Western Film has a long history on campus dating back to the early 80s when it ran as a student club showing movies on the weekend on 16mm film over in Middlesex College.
James Waite is the coordinator of Western Film. He’s been there for 20 years and witnessed most of its history.“Around 1993 we switched to 35mm equipment which at the time is what all theatres used. And in 1994 we moved into the UCC when they renovated it and added the third floor.”
They ran on 35mm film until 2013 when they made the hefty investment to run on digital film. This transition cost $34,000, enough to buy yourself a car!
Film, running 24 frames per second, was a physical medium so it was subject to scratches and damage. It weighed about 60 pounds for each movie, whereas now the digital comes on a lighter hard drive file. As a result, shipping costs have significantly decreased.
For the grand reopening, Western Film put in a new microproof screen, raising the level of the screen to improve sightlines lines. They also improved the sound system.
“We moved the projector to an upper booth. So now when anyone stands up during the movie, they’re not going to become part of the image.”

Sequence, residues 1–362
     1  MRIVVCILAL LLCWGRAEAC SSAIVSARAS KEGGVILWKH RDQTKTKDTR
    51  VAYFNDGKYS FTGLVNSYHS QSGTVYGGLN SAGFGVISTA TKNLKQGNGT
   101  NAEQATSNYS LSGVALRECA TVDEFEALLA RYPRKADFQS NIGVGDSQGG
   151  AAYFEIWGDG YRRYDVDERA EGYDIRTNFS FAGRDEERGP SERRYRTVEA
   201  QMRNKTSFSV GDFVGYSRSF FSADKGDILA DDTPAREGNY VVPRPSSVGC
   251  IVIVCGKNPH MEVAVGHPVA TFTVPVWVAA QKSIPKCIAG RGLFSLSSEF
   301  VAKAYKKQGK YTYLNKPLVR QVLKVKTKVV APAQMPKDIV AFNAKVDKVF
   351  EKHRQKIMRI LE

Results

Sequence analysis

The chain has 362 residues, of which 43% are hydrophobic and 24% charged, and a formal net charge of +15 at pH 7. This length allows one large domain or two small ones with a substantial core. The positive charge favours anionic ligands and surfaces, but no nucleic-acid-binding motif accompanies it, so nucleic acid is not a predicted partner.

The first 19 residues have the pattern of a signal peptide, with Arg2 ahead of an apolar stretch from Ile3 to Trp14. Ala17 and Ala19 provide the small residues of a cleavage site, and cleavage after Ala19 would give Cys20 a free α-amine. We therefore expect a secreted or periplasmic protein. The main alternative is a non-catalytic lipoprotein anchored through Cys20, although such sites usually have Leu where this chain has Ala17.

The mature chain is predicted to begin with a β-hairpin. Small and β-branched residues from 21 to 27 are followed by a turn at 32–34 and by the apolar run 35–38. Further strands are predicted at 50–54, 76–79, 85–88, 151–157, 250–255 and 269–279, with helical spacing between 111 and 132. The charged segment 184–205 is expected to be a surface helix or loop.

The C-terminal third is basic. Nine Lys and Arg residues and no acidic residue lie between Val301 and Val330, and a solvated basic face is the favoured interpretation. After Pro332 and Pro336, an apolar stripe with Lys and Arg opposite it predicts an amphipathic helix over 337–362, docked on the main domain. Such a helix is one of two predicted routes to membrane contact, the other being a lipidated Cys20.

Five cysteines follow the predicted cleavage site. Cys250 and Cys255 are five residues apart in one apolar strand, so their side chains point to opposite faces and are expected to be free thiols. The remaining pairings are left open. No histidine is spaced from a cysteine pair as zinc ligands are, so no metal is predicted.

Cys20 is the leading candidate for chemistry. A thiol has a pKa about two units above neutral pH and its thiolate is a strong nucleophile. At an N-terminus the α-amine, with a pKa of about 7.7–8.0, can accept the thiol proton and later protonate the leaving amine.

Most theatres have the speakers positioned behind the screen and holes about the size of a large needle to let the speaker sound through. Western Film put in a microproof screen, which has holes about the size of a pin instead. This devotes less surface area to holes so you get a brighter image as a result.
Just Like Any Other
Western Film basically has the same technology and services as any other Cineplex theatre. The only difference is that they are a second run theatre, “which basically means we have to wait until movies are finished at the first run theatres before we can play them”.
James says that because they wait, they pay less and can charge a lot less, which is why their tickets are only $5.